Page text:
There is so much history covered through prophecy in Chapter 17. I am sure, if I were from Jerusalem, listening to Isaiah, that I would have left his speech with more questioning of events than understanding the encouragement that would be there for me down the road. Syria and Israel and big chunks of Judah would be gone in the near future. The threat would literally stand at the wall of my city. But, God's rebuke would send the enemy afloat in the wind. Over the course of this chapter, we have seen multiple references to the harvest, what remains after the whirlwind of destruction that Assyria brings. How fitting for Isaiah to then call the harvester 'chaff', which is "the refuse of winnowed corn." (Easton's Bible Dictionary)

In verse 14 lies the prophecy that we see fulfilled in II Kings 19, with Hezekiah hearing further word from God through Isaiah and praying for His intervention on behalf of Jerusalem: "At evening time, behold, there is terror! Before morning they are no more." That's the way it went down!

"Therefore thus says the Lord concerning the king of Assyria, 'He will not come to this city or shoot an arrow there; and he will not come before it with a shield or throw up a siege ramp against it. By the way that he came, by the same he will return, and he shall not come to this city,' declares the Lord. 'For I will defend this city to save it for My own sake and for My servant David’s sake.'"

Then it happened that night that the angel of the Lord went out and struck 185,000 in the camp of the Assyrians; and when men rose early in the morning, behold, all of them were dead."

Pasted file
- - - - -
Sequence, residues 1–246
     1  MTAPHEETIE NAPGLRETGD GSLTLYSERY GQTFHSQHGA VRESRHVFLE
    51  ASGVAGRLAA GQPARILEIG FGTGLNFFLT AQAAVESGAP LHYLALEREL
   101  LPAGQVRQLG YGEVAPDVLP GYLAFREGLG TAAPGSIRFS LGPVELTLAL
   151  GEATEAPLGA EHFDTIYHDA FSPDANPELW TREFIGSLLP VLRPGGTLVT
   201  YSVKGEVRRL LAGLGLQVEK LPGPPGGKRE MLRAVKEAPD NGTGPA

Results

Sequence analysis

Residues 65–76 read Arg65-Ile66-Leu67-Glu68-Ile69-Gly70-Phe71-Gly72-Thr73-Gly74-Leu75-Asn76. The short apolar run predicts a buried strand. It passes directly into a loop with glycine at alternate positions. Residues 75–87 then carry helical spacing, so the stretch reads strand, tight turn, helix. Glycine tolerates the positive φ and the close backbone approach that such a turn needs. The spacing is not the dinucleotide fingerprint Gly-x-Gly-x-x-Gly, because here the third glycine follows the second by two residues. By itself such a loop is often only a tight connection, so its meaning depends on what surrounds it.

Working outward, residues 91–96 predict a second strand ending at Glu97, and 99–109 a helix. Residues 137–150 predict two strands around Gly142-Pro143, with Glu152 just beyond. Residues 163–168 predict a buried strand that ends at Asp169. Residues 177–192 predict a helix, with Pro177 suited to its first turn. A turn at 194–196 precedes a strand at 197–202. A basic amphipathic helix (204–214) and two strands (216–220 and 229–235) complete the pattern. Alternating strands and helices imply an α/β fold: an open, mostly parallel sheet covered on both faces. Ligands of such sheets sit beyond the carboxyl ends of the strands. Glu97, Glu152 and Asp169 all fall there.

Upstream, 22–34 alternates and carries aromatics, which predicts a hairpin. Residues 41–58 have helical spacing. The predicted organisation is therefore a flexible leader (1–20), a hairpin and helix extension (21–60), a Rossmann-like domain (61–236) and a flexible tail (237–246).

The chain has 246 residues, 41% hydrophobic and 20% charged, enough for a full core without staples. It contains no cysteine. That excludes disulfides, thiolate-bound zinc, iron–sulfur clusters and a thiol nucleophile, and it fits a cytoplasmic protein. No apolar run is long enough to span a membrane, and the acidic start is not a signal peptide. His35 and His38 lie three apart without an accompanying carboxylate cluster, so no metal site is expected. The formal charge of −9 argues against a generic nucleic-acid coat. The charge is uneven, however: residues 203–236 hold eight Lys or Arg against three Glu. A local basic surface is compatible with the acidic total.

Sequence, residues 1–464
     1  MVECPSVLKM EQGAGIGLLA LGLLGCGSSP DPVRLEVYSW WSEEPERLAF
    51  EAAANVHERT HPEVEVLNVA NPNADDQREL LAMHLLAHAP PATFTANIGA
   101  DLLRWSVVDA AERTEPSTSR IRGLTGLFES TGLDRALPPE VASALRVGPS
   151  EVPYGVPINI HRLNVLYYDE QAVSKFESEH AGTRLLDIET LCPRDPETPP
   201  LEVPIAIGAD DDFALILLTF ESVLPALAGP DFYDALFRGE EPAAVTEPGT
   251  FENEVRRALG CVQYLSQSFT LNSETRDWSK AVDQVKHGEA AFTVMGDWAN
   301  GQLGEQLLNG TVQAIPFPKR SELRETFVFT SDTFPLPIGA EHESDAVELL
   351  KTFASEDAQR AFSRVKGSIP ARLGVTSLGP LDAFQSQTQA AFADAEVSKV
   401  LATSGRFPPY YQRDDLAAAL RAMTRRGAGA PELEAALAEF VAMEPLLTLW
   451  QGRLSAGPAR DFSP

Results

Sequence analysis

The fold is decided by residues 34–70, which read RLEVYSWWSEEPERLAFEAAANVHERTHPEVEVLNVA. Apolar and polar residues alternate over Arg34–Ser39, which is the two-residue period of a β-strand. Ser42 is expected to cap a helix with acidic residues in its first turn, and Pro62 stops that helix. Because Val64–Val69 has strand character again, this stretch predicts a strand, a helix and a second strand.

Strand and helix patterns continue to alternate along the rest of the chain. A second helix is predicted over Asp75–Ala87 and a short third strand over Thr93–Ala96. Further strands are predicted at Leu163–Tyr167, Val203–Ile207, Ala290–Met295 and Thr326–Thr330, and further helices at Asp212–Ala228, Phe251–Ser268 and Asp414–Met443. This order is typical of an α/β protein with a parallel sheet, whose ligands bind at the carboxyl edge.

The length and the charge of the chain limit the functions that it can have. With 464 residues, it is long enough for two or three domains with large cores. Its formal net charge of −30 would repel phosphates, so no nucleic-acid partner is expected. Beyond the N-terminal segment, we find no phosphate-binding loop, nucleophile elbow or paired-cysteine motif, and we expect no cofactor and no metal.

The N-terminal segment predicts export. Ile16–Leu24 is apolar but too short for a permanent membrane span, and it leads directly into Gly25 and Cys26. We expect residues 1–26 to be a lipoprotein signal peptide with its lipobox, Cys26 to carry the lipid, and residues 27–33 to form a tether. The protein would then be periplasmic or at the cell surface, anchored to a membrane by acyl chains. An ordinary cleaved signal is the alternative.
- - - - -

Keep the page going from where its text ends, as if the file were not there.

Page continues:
--II Kings 19: 32-35

"Such will be the portion of those who plunder us
And the lot of those who pillage us."
--Verse 14b

Capturing the spoil was a huge part of what plundering the enemy was all about. For the Assyrians, adding Jerusalem to its empire would have meant adding a very fine jewel to an already massive portion. But Assyria's lot was not under their own control, contrary to their own belief. God was not their portion, and He had a different destiny in mind. For Judah, knowing that the Lord was their portion should have spoken abundantly to them, especially given the pillaging around them. For the time being, under God's provision and King Hezekiah's obedience to the Lord, Jerusalem would be saved.

The wind blows at His command--to sweep away the enemies of His people in a mighty gale or to bend His people's boughs to know His presence, love, mercy and grace. Can't help but bring forth these lyrics in closing our text, here. When we know we are His portion, we see jealousy in a whole new way.
"He is jealous for me, loves like a hurricane. 
I am the tree, bending beneath the weight of His wind and mercy....

And we are His portion and He is our prize,
Drawn to redemption by the grace in His eyes,
If grace is an ocean, we're all sinking."

--lyrics from "How He Loves," by John Mark McMillan

"Message to Ethiopia," We begin Chapter 18. ...'Til next Wednesday!


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Next week:  Isaiah 18:1-3
Note: I read from the New American Standard Bible translation,
specifically, The MacArthur Study Bible (NASB).
I will quote other sources if used in a post.

I also use
Strong's Exhaustive Concordance of the Bible
(with notes from the King James Version).